What to do if you find a young or baby bird

Baby birds will often leave the nest early, sometimes before they can fly.  Most of the time chicks can scramble up trees and branches, and call loudly for their parents, so it’s often best to leave them alone.  If it is in an exposed area, and you think it might be at risk, then you can gently pick it up and put it in a tree or bush.

If you suspect the bird is also injured, then it is best to take it to a rehabilitation unit where they will have the the resources and facilities to rear the chick  in a way that will allow it to be released back into the wild when it is old enough.

If you need to, youStock Image of a Harris Hawk in Flight can carefully pick up the baby bird, and gently put it on a towel in a cardboard box with holes in the side for airflow.  Please make sure that the box is larger than the bird to avoid feather damage or injury.   Place the bird somewhere dark and warm and awaycid_aed134c6-a14e-41ff-b243-6bad5b27af86 from loud noises and disturbance, as shock is the biggest killer of young birds.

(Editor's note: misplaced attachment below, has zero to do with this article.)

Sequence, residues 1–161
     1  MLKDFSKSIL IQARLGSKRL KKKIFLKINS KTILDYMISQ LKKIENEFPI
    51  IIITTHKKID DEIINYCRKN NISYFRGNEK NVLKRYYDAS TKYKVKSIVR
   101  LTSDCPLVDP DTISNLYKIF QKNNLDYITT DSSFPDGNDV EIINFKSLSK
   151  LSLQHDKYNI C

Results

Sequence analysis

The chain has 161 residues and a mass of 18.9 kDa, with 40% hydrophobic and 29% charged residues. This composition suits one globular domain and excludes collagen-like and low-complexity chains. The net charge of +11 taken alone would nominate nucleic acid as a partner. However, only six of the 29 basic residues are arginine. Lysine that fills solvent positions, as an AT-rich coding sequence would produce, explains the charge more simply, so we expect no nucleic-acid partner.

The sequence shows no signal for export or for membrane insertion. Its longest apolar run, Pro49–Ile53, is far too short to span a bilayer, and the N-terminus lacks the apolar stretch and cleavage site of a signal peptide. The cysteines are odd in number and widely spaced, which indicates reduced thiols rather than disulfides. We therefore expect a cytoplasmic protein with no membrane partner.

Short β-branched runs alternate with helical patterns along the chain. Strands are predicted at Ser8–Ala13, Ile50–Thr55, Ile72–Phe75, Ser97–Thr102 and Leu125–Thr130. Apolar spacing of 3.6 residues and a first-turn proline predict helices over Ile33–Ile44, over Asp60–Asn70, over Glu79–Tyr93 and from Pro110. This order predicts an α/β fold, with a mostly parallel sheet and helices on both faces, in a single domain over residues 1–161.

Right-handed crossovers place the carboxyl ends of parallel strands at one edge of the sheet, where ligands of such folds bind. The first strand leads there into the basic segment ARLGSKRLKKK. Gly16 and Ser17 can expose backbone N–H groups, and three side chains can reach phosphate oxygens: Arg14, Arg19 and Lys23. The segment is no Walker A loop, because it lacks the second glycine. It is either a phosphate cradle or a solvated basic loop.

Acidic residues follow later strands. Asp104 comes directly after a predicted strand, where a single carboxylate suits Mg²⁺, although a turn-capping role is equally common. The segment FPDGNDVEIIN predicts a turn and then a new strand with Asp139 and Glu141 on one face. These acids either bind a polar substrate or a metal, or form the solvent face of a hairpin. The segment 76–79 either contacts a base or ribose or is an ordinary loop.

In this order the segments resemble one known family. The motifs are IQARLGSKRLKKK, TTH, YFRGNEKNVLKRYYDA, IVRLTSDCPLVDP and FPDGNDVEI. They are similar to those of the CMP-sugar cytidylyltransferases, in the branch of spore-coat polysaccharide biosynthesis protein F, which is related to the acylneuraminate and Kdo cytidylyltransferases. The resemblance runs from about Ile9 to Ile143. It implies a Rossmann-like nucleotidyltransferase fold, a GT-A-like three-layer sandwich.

Your local rehabilitation facility, or local vet should be able to advise you further.  Whilst some facilities can collect most, like us, cannot as they will not have the resources to do so, so please consider how you will be able to transport the baby bird to the relevant support it needs.

Please remember that we can only accept baby birds of prey, and not other wildlife, as we do not have the facilities here.

Please remember that deliberately hand rearing a young chick so it becomes imprinted and so cannot return to the wild is an offence against the Wildlife and Countryside Act, and can get you into trouble.  Please make sure that you take the chick to someone with the correct knowledge and facilities to return it to the wild.

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